Logic Shares Powerful Message About Separating Families at Mexican Border In New Music Video for 'One Day'
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Directed by Andy Hines, the gut-wrenching story shows what happens when two people of different backgrounds and socio-economic opportunities intersect in life.

Logic and OneRepublic's Ryan Tedder just dropped a whole lot more than just another music video; their seven-minute visual for "One Day" is actually a powerful PSA about what's happening at the Mexican border.

The moving video opens with a black screen displaying the words, "BASED ON TRUE STORIES." Next come the words, "MEXICO-USA BORDER, 2018." Directed by Andy Hines, the gut-wrenching story shows what happens when two people of different backgrounds and socio-economic opportunities intersect in life.

Footage of a Mexican family approaching the U.S. border then plays. Consisting of a father, mother and their two children -- the youngest an infant -- the family tries to remain as quiet as possible to avoid detection by Border Patrol. The terror in their eyes goes from visible to palpable as they're soon discovered by an officer. "¡No, no no, mi familia!" the father begs the guard. He takes him anyway and locks him up in an SUV.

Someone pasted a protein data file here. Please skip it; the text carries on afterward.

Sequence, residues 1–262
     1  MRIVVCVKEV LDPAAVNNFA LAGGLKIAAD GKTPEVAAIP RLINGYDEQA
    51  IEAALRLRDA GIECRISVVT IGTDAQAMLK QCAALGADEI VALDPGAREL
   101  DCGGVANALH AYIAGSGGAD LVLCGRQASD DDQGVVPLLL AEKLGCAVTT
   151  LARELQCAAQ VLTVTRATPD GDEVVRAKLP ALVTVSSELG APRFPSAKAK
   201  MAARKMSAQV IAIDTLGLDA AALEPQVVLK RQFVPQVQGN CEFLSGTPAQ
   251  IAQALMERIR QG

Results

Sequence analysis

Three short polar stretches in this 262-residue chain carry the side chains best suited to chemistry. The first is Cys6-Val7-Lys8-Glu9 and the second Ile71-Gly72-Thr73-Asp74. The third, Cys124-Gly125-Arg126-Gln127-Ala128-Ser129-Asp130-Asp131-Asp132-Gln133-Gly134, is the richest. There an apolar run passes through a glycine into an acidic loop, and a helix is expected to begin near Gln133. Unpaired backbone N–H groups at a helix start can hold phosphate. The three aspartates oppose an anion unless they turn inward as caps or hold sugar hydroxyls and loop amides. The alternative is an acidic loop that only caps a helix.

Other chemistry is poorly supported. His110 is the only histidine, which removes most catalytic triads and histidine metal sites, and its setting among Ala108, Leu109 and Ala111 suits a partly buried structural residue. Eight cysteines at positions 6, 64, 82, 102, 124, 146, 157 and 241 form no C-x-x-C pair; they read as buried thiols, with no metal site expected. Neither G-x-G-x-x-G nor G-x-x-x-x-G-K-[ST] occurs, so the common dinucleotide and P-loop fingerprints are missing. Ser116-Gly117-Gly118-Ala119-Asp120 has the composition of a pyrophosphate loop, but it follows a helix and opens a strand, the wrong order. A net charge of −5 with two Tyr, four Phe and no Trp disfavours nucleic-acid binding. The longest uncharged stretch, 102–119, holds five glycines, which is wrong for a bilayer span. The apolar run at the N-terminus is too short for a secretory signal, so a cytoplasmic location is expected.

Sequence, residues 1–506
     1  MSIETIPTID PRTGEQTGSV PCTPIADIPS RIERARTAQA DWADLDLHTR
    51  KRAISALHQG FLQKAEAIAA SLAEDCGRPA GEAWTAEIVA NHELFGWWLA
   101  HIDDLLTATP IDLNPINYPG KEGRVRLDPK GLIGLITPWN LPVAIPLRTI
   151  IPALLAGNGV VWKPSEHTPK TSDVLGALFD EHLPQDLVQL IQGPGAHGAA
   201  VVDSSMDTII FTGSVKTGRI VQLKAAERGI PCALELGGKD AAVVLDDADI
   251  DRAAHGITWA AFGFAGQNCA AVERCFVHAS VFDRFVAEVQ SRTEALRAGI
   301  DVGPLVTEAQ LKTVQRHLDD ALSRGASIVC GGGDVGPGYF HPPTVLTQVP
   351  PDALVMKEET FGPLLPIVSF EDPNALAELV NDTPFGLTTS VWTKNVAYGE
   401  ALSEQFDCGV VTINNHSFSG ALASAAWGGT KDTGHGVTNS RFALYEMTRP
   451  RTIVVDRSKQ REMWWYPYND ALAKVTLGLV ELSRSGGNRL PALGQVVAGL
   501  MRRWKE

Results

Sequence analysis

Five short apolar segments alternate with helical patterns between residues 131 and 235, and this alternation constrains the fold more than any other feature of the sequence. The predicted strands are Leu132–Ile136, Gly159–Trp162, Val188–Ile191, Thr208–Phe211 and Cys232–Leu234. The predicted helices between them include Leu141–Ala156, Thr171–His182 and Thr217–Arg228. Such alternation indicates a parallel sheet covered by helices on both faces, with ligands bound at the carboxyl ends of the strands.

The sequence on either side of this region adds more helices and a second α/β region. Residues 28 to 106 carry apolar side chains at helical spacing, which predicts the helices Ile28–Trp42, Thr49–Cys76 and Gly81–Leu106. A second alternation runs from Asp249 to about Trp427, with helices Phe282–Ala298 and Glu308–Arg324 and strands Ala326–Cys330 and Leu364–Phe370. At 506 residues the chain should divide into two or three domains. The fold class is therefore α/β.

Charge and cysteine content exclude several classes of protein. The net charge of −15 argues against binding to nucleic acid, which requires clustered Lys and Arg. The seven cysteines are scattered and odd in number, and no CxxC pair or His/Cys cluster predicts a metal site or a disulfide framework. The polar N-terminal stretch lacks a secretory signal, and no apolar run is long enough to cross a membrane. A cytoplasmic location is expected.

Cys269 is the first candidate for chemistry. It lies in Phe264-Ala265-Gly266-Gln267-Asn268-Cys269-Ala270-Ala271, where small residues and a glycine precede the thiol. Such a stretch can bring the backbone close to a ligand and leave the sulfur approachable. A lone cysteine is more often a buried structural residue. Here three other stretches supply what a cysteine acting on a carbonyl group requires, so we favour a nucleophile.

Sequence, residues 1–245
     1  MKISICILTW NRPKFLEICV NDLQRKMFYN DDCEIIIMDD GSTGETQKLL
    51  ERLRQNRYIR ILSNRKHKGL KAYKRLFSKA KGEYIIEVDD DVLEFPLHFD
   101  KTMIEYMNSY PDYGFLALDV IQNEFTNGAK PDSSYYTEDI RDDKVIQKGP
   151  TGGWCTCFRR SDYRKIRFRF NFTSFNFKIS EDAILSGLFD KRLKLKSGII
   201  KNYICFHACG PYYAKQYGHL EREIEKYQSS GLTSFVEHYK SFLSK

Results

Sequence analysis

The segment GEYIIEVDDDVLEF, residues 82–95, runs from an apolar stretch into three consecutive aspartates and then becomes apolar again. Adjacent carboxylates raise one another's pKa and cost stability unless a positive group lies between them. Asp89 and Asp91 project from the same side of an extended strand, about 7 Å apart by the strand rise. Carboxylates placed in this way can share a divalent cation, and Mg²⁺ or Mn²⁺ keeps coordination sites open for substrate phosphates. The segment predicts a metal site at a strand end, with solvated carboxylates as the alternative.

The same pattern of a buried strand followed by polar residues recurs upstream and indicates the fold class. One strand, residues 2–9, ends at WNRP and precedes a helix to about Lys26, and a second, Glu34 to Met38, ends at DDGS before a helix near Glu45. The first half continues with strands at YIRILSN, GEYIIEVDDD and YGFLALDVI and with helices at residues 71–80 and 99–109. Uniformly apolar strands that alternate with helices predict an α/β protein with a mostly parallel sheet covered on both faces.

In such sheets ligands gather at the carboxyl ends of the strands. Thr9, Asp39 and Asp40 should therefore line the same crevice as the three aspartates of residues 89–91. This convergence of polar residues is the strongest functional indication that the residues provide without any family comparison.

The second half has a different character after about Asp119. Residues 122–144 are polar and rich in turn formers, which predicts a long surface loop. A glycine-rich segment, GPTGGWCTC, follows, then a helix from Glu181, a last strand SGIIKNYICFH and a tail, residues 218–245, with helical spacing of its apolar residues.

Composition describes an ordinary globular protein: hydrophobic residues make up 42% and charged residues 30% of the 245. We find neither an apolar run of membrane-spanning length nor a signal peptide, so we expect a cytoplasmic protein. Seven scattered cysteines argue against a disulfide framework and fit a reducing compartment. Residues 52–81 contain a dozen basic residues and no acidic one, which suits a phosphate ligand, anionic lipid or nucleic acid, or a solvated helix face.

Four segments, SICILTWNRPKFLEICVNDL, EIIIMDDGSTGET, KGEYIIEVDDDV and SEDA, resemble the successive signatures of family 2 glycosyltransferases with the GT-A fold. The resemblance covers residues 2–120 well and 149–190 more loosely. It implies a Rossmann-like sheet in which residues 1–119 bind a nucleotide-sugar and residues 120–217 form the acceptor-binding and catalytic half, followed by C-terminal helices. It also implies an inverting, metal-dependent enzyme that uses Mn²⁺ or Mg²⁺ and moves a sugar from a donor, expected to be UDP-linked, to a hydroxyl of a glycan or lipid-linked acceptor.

Another guard escorts the teenage son to a different car, then turns to the frightened mother to grab her baby. "¡No! ¡No!" she screams. "¡Para! (Stop!)" the teen interjects. She becomes hysterical, begging the guard to please let her be with her children. "¡Mis hijos, por favor!" He does not oblige, forcing her to watch her children drive off to who-knows-where.

With purposeful juxtaposition, the video then takes us to a happier scene -- the simpler life of a white, American family celebrating their young son's birthday in their Southern California home. Children are shown playing carelessly as their parents chat about niceties. We're then taken back to the life of the Mexican boy, who is now posted up at a less-than-ideal holding area surrounded by other captured immigrant children.

The water is rationed. The food is rationed. They're surrounded by metal fences.

Fast-forward to years later. As we watch the boys grow older, we witness the Mexican boy be taken in by a foster family, then flourish academically. He soon graduates from high school, then from college. He becomes a surgeon.

The American boy takes a different, darker path in life. He grows into a proud, racist bigot.

By the time we hit the year 2034, the American boy-turned-man witnesses a bar brawl between a white man and a black man. He gets up, knife in hand, headed toward the black man -- but ends up slipping and falling into his own blade.

He's rushed to the hospital, where the Mexican teen-turned-doctor treats his wound. When he spots the bleeding man's swastika tattoo, the two lock eyes. The surgeon removes his mask and lets out, "It's okay, man."

Logic and Tedder don't appear until toward the end of the video. The former is sporting a shirt that says, "F--K THE WALL."

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